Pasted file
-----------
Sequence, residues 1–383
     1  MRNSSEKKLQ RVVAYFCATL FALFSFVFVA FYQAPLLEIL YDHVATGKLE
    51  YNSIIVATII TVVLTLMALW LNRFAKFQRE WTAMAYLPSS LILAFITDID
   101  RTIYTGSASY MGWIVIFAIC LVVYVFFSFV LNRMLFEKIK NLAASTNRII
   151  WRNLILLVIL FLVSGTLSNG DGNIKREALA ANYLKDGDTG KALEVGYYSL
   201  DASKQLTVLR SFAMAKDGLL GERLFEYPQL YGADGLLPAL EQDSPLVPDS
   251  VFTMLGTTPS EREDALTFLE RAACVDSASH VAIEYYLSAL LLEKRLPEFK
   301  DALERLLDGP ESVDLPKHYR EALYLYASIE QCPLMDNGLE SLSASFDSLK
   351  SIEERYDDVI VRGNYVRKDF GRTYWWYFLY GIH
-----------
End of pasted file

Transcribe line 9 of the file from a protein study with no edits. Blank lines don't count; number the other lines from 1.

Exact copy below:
   351  SIEERYDDVI VRGNYVRKDF GRTYWWYFLY GIH